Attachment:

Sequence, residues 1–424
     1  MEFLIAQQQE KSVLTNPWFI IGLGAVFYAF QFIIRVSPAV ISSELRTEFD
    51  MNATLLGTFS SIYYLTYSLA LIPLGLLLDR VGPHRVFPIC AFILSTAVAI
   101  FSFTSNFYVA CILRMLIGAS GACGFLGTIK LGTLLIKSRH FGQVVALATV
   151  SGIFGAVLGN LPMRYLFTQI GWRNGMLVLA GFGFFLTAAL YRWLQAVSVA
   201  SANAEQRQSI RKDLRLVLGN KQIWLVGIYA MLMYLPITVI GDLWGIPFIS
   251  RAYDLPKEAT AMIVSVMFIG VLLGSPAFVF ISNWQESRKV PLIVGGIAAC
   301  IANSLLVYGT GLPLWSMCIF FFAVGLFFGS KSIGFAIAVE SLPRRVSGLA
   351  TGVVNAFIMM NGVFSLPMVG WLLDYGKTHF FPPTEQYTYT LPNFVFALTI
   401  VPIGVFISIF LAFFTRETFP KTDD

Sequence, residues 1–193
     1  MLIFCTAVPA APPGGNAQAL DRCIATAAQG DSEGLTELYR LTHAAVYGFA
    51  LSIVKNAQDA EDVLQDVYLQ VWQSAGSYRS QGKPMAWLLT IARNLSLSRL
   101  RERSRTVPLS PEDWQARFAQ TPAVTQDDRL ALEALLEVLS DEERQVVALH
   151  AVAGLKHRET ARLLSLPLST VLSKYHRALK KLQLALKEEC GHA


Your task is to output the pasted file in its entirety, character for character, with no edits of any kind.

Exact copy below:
Sequence, residues 1–424
     1  MEFLIAQQQE KSVLTNPWFI IGLGAVFYAF QFIIRVSPAV ISSELRTEFD
    51  MNATLLGTFS SIYYLTYSLA LIPLGLLLDR VGPHRVFPIC AFILSTAVAI
   101  FSFTSNFYVA CILRMLIGAS GACGFLGTIK LGTLLIKSRH FGQVVALATV
   151  SGIFGAVLGN LPMRYLFTQI GWRNGMLVLA GFGFFLTAAL YRWLQAVSVA
   201  SANAEQRQSI RKDLRLVLGN KQIWLVGIYA MLMYLPITVI GDLWGIPFIS
   251  RAYDLPKEAT AMIVSVMFIG VLLGSPAFVF ISNWQESRKV PLIVGGIAAC
   301  IANSLLVYGT GLPLWSMCIF FFAVGLFFGS KSIGFAIAVE SLPRRVSGLA
   351  TGVVNAFIMM NGVFSLPMVG WLLDYGKTHF FPPTEQYTYT LPNFVFALTI
   401  VPIGVFISIF LAFFTRETFP KTDD

Sequence, residues 1–193
     1  MLIFCTAVPA APPGGNAQAL DRCIATAAQG DSEGLTELYR LTHAAVYGFA
    51  LSIVKNAQDA EDVLQDVYLQ VWQSAGSYRS QGKPMAWLLT IARNLSLSRL
   101  RERSRTVPLS PEDWQARFAQ TPAVTQDDRL ALEALLEVLS DEERQVVALH
   151  AVAGLKHRET ARLLSLPLST VLSKYHRALK KLQLALKEEC GHA